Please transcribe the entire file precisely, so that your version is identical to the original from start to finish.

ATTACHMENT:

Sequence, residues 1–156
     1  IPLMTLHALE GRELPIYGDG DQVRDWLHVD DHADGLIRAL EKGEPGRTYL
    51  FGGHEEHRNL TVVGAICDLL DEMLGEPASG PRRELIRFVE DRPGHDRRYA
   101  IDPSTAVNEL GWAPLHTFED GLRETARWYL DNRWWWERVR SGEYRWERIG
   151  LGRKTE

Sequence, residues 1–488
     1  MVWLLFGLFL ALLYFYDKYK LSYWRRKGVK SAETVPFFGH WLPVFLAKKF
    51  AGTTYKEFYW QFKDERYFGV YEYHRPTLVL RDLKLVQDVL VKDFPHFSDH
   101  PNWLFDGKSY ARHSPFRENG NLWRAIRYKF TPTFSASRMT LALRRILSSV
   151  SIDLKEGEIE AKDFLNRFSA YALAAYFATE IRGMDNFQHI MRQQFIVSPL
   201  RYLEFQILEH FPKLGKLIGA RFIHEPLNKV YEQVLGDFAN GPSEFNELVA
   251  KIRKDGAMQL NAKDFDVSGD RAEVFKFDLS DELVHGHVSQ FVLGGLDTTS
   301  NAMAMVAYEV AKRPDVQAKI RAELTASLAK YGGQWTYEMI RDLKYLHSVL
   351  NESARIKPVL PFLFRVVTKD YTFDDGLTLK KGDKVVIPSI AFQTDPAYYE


Sequence, residues 1–156
     1  IPLMTLHALE GRELPIYGDG DQVRDWLHVD DHADGLIRAL EKGEPGRTYL
    51  FGGHEEHRNL TVVGAICDLL DEMLGEPASG PRRELIRFVE DRPGHDRRYA
   101  IDPSTAVNEL GWAPLHTFED GLRETARWYL DNRWWWERVR SGEYRWERIG
   151  LGRKTE

Sequence, residues 1–488
     1  MVWLLFGLFL ALLYFYDKYK LSYWRRKGVK SAETVPFFGH WLPVFLAKKF
    51  AGTTYKEFYW QFKDERYFGV YEYHRPTLVL RDLKLVQDVL VKDFPHFSDH
   101  PNWLFDGKSY ARHSPFRENG NLWRAIRYKF TPTFSASRMT LALRRILSSV
   151  SIDLKEGEIE AKDFLNRFSA YALAAYFATE IRGMDNFQHI MRQQFIVSPL
   201  RYLEFQILEH FPKLGKLIGA RFIHEPLNKV YEQVLGDFAN GPSEFNELVA
   251  KIRKDGAMQL NAKDFDVSGD RAEVFKFDLS DELVHGHVSQ FVLGGLDTTS
   301  NAMAMVAYEV AKRPDVQAKI RAELTASLAK YGGQWTYEMI RDLKYLHSVL
   351  NESARIKPVL PFLFRVVTKD YTFDDGLTLK KGDKVVIPSI AFQTDPAYYE